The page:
MRI 'highly useful' in the evaluation of patients with uterine fibroids
Gadolinium-enhanced MRI is highly useful in evaluating patients with uterine fibroids, often ruling out as a treatment option uterine artery embolization (UAE), which blocks the flow of blood to the tumors, says a new study by researchers from the Northwestern University Feinberg School of Medicine in Chicago, IL.
In the study, 100 women referred for UAE for treatment of uterine fibroids were assessed with MRI. In more than one fifth of those patients, MRI findings resulted in a decision to not proceed with UAE.
According to the study, uterine fibroids are the most common benign tumor of the female pelvis, affecting more than 20% of women. The study also states that although UAE is highly effective for the treatment of uterine fibroids, an increase in the number of referrals for UAE has led to the question of which preembolization screening imaging technique best delineates pelvic disease. "One of the aims of this study was to help radiologists and gynecologists use a unified approach in the evaluation and management of uterine fibroids," said Paul Nikolaidis, MD, lead author of the study.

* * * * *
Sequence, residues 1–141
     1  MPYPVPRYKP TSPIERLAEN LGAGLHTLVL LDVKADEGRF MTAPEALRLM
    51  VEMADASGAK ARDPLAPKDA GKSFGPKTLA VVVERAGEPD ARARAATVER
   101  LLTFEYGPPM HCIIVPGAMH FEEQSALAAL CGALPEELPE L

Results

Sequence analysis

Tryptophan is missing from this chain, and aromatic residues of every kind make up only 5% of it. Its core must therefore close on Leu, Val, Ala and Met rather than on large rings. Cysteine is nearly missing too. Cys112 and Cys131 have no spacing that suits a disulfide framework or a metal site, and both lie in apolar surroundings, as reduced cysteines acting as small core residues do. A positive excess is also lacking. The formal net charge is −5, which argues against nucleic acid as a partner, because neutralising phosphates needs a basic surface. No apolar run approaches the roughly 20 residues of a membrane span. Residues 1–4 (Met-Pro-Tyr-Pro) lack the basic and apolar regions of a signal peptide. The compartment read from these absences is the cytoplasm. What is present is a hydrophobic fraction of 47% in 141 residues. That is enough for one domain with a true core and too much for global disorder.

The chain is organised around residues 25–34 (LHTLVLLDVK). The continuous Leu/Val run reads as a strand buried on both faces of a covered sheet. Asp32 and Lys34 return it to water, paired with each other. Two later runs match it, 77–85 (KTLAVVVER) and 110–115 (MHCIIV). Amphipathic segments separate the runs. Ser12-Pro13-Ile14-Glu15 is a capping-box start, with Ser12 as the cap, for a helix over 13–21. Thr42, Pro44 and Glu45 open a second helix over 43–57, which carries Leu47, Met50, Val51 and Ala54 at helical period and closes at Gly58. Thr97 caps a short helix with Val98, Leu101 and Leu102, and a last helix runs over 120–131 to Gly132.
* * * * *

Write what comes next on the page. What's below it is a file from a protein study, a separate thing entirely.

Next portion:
According to the study, MRI is safe and has certain advantages over sonography, which is often used for preembolization screening, including a larger field of view, higher spatial resolution, better contrast resolution, the ability to better assess for enhancement or vascularity of fibroids and the ability to better classify them according to their exact location.
"With MRI, we seek to identify a subset of patients in whom UAE would not be as effective, such as patients with a single nonliving fibroid or patients with significant coexisting disease. Also, patients with certain types of fibroids would benefit from hysteroscopic resection instead of UAE," said Dr. Nikolaidis.
Dr. Nikolaidis will present the study on May 3 during the American Roentgen Ray Society Annual Meeting in Miami Beach, FL.
Source: Eurekalert & othersLast reviewed: By John M. Grohol, Psy.D. on 21 Feb 2009
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